The European Parliament today voted to approve the draft Network and Information Security Directive (known colloquially as the Cybersecurity Directive), which contains new rules designed to improve the cybersecurity of the European Union. The proposal was first published in February 2013. Our comments on the initial proposal can be found here.
MEPs were strongly in favour of the current draft of the new rules, with the ‘yes’ vote winning by 521 votes to 22. Now the current draft of the Directive has been approved by the European Parliament, it will be negotiated with the European Commission and the Council.
In the most recent draft of the Directive, the requirement for certain technology service providers (such as social networks, search engines, e-commerce platforms and online payment gateways) to notify breaches of their data systems to national authorities has been removed. Only those providers who own, operate or provide infrastructure which, if disrupted or destroyed, would have a significant impact on a Member State will be caught in the scope of the Directive. This was one of the most fiercely debated aspects of the drafting and its removal may have been the key to the success of the draft Directive in the European Parliament today.
See our analysis of the current draft of the Directive (published in February 2014) here.
The Directive is unlikely to complete the legislative process before the end of the current European Parliament term, meaning there is the possibility that the process will not be continued in the new Parliament starting in May 2014 although this is unlikely given the strong support of MEPs in this vote.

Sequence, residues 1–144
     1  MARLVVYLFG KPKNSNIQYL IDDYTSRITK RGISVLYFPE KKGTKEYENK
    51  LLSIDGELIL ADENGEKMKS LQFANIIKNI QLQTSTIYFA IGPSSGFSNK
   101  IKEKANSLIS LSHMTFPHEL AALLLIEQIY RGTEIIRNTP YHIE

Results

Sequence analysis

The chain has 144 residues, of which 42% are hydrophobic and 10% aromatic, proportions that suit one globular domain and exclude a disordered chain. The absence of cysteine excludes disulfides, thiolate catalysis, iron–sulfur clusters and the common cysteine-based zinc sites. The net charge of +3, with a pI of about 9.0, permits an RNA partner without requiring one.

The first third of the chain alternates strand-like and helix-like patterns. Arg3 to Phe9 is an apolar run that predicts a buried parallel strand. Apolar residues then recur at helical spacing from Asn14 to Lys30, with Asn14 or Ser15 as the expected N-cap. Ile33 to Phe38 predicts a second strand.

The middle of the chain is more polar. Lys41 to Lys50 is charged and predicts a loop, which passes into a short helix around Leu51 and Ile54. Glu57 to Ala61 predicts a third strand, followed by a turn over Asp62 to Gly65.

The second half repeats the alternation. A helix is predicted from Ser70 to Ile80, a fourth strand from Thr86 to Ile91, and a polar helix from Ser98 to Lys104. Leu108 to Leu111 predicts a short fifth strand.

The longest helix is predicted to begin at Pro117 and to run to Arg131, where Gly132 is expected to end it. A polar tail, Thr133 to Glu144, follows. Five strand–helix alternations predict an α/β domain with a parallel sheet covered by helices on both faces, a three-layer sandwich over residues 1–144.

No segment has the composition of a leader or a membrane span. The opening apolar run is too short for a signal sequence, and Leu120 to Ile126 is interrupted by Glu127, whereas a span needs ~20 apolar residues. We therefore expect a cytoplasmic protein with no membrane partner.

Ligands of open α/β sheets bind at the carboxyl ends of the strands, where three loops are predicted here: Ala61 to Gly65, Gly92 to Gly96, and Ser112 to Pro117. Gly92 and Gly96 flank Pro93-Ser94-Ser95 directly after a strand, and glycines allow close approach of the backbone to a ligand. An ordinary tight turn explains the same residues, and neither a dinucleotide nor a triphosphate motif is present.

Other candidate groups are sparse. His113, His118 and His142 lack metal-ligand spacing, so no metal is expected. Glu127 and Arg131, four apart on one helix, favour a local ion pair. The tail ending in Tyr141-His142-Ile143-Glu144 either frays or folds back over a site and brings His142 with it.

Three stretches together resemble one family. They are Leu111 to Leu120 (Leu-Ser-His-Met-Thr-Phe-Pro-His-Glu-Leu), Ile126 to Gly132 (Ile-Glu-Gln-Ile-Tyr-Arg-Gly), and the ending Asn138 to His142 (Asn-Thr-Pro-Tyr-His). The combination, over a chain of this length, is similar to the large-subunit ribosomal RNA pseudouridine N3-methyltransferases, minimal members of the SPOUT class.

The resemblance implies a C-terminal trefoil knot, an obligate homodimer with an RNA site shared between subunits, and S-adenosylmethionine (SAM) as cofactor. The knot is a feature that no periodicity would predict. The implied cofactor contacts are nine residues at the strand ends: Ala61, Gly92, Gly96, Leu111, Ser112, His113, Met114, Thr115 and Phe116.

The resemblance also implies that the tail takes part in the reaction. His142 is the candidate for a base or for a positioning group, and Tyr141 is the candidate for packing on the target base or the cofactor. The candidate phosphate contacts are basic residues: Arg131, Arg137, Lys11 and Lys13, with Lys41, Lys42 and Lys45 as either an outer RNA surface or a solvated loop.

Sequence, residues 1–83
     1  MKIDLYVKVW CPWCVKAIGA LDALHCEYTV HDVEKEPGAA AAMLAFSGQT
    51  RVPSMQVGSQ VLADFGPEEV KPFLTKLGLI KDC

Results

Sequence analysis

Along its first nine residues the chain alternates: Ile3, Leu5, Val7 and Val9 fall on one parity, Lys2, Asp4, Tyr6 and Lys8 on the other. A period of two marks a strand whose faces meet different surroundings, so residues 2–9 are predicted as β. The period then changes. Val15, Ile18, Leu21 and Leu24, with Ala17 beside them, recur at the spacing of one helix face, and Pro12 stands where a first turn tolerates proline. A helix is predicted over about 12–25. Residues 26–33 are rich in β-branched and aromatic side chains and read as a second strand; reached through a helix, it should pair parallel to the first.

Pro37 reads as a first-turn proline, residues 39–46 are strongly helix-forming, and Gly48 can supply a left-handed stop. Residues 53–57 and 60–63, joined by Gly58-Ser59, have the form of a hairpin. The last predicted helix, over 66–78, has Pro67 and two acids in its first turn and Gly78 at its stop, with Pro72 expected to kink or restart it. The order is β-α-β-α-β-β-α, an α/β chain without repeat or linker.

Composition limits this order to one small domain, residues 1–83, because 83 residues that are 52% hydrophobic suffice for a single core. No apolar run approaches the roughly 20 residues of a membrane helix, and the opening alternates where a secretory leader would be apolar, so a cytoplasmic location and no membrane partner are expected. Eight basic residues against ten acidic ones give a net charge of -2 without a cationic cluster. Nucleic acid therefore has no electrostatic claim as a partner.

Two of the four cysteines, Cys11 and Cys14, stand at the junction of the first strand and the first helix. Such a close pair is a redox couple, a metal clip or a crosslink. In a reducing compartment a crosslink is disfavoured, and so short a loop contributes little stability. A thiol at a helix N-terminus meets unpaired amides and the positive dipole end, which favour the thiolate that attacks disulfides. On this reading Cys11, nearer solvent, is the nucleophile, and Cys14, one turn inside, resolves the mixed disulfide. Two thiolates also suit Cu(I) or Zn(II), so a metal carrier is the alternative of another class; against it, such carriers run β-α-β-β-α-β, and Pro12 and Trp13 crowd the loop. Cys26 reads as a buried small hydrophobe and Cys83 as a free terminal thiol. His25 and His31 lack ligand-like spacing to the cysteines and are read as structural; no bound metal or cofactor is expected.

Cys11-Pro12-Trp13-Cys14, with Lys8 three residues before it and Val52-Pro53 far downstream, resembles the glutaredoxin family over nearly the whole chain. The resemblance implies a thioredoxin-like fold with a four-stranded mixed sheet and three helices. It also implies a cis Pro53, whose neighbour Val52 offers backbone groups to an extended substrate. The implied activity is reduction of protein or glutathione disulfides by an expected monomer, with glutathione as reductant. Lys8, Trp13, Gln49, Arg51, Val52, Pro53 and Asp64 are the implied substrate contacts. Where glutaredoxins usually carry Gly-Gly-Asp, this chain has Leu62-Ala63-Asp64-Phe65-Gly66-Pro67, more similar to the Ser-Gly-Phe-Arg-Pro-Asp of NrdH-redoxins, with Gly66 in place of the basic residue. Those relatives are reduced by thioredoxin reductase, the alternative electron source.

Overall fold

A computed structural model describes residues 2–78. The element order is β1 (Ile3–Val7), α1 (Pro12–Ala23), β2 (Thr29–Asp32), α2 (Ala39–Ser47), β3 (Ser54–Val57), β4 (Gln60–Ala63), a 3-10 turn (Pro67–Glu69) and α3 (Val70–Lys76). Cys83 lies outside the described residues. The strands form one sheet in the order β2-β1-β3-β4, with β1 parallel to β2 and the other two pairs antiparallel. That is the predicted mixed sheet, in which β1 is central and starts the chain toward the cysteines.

Simon Shooter, a partner in Bird & Bird’s Cyber Security Team comments:
“The European Parliament has recognised the critical importance of network and information systems in today’s society and the need to protect them against cyber threats. However, many in industry will be concerned that the proposed new rules will increase regulation and the associated cost of doing business without actually delivering the desired improvements in security.
As the only law firm sitting on the NIS Public-Private Platform working group formed by ENISA (the European Union Agency for Network and Information Security) to help implement the proposed new rules we’ve seen that businesses considered to be an ‘operator of critical infrastructure’ are particularly concerned that the rules requiring them to report security breaches in their systems will be inconsistently applied by different Member States leading to regulatory complexity in complying. This is compounded by uncertainty at present about who these reporting rules will actually apply to.
What does this mean for businesses? First an assessment should be made as to whether your business is likely to be affected by the resultant legislation. If it is you should start to implement measures now that will ease the task of compliance later.”
Author: Simon Shooter
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